Several species of hibiscus (Hibiscus spp.) are commonly grown in U.S. gardens, and are widely sold in braided form. Different species of hibiscus tend to look similar, however, so it can be difficult to tell which are cold hardy in areas such as Northeast Ohio and which will simply die when the cool season approaches. If you’re wondering about your braided hibiscus, determine which species it is and act accordingly.
Braided hibiscus is not a specific hibiscus species. All of the most common hibiscus species -- Chinese hibiscus (Hibiscus rosa-sinensis), rose mallow (Hibiscus moscheutos) and scarlet rose mallow (Hibiscus coccineus), to name a few, have a shrubbing growth habit, which means they grow on woody stems that thicken into trunk-like formations over time. With proper pruning and training, these trunks can be braided by professional gardeners. Because of the long time it takes to produce a braided hibiscus, they can cost considerably more than a regular hibiscus shrub.
Hibiscus Hardiness Zones
When you buy a braided hibiscus to use as a perennial, first determine its hardiness zones. Chinese hibiscus is not very winter hardy, only withstanding U.S. Department of Agriculture plant hardiness zones 9 through 11. Rose mallow, however, grows in USDA zones 4 through 9 and blooms from summertime through to the first frost, making it a good choice for colder areas. Scarlet rose mallow is slightly less cold hardy, doing well in USDA zones 6 through 9.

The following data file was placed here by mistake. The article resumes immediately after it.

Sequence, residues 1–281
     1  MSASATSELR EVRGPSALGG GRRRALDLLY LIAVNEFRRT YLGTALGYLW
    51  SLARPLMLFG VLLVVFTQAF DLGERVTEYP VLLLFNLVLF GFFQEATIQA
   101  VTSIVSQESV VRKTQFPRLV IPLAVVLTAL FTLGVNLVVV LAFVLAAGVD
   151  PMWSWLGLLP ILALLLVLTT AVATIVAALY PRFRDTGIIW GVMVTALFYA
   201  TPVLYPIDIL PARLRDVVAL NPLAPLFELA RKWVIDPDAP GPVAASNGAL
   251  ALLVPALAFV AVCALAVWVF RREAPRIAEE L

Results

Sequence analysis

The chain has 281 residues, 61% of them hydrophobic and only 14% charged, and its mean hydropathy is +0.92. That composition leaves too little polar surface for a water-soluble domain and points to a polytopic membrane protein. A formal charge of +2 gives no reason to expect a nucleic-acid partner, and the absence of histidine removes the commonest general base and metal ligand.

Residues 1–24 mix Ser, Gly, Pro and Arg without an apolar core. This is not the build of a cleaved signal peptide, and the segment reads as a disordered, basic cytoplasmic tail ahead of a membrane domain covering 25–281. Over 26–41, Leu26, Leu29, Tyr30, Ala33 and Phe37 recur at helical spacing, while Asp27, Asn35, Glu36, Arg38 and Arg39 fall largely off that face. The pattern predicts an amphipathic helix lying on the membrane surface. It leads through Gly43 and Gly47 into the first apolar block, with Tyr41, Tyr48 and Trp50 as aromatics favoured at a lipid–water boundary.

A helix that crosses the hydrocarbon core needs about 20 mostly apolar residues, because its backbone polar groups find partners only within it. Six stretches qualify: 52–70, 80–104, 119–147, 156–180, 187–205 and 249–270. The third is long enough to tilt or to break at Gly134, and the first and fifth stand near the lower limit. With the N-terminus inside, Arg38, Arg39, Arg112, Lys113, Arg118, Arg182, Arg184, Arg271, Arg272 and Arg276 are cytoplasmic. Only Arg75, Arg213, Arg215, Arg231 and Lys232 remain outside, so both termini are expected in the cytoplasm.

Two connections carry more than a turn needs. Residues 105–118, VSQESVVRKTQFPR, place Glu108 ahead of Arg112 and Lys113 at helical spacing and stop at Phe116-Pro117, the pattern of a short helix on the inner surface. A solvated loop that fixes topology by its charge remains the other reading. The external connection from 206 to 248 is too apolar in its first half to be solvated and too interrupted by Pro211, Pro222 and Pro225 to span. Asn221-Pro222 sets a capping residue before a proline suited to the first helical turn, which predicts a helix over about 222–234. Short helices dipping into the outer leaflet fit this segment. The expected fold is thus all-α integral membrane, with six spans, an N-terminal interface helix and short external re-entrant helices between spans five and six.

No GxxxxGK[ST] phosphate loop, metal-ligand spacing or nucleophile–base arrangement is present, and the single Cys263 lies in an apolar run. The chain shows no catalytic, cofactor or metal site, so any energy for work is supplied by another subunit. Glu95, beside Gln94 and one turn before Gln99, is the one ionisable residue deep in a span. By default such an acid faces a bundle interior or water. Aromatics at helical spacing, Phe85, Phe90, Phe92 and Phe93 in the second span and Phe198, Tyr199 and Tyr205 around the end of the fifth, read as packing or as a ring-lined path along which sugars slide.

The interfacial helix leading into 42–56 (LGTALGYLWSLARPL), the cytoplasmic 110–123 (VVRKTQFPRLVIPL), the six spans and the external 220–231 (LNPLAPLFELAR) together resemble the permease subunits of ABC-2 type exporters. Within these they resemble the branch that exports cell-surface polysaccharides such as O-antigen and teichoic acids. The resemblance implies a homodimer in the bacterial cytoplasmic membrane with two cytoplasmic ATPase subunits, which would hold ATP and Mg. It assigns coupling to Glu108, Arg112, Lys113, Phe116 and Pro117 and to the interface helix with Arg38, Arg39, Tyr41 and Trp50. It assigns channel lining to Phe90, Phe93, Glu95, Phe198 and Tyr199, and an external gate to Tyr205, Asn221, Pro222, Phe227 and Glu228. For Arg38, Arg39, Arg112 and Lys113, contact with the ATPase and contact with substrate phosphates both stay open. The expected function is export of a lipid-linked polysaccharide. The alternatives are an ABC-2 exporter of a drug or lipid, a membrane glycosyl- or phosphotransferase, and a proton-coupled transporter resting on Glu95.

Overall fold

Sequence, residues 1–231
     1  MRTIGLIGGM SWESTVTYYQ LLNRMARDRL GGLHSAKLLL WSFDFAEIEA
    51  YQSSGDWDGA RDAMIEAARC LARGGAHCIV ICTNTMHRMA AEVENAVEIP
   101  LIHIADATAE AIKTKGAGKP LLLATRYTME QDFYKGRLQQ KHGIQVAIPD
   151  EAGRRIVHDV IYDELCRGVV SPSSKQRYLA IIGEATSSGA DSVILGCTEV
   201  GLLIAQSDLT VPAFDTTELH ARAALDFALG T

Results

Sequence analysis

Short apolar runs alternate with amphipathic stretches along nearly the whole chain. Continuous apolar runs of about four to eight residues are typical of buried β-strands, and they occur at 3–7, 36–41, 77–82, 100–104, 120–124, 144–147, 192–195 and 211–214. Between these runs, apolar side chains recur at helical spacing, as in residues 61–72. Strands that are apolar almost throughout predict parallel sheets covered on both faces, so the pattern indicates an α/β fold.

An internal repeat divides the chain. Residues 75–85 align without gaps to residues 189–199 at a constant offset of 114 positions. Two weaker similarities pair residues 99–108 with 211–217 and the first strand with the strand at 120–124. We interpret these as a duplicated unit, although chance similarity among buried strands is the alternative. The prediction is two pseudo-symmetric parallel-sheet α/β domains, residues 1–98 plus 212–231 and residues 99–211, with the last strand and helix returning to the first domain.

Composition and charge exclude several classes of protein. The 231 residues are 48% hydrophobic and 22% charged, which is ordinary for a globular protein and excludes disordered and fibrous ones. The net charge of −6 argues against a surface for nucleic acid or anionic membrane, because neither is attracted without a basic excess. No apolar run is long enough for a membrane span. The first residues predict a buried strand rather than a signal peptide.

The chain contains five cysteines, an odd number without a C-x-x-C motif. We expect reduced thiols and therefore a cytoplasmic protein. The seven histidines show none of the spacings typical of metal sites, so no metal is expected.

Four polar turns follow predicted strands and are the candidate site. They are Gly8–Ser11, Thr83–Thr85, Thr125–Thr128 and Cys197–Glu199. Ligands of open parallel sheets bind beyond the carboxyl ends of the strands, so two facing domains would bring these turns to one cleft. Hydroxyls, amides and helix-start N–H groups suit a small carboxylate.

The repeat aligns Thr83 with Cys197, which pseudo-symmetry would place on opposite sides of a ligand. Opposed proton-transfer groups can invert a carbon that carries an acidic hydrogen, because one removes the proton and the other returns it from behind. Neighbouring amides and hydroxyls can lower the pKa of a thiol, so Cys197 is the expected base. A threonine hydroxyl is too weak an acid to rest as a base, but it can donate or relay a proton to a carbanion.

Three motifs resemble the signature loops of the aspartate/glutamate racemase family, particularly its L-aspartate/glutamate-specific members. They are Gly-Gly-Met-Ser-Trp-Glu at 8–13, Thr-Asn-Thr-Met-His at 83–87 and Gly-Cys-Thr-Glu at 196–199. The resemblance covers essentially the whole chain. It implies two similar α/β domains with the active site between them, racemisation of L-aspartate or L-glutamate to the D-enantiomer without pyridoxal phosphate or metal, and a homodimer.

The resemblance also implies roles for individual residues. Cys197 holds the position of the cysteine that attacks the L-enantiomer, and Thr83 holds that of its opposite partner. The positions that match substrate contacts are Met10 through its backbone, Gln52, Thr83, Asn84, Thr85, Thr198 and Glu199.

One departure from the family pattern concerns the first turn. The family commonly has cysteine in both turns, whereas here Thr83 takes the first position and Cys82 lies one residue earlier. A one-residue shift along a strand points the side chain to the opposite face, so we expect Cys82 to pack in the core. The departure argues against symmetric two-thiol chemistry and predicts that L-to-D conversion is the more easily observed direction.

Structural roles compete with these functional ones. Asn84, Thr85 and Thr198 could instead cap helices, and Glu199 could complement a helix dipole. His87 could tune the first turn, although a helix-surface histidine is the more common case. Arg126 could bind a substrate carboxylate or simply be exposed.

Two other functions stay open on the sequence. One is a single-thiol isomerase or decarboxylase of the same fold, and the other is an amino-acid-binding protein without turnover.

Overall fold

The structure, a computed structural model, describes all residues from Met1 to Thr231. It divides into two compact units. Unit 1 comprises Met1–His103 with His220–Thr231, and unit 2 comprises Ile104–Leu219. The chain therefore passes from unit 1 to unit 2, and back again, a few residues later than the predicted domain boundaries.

Northeast Ohio includes USDA zones 6a and 5b. Depending on where you live, you may be able to get scarlet rose mallow to grow, but will definitely have no luck with Chinese hibiscus. Several species of hibiscus or regular rose mallow will grow, however, including Hibiscus coccineus and Hibiscus lasiocarpos, which is winter hardy in USDA zones 5 through 9. The best way to ensure your braided hibiscus survives the winter is to check its hardiness zones before you plant it.
Another option is to keep your hibiscus potted and bring it indoors in the wintertime. This is a good way to use Chinese hibiscus outdoors part of the year, but protect it when temperatures start to drop. Bring it in and place it in your brightest window, using a supplemental lighting source if the plant begins to drop leaves. Water less frequently in the winter to avoid root rot. A good tip is to wait until the leaves look dull before watering it.
- University of Illinois Extension: Chinese Hibiscus
- University of Florida IFAS Extension: Hibiscus Rosa-Sinensis
- North Carolina State University: Hibiscus Moscheutos
- Missouri Botanical Garden: Hibiscus Coccineus
- Missouri Botanical Garden: Hibiscus Lasiocarpos
- United States Department of Agriculture: USDA Plant Hardiness Zone Map
- Photo Credit Comstock Images/Comstock/Getty Images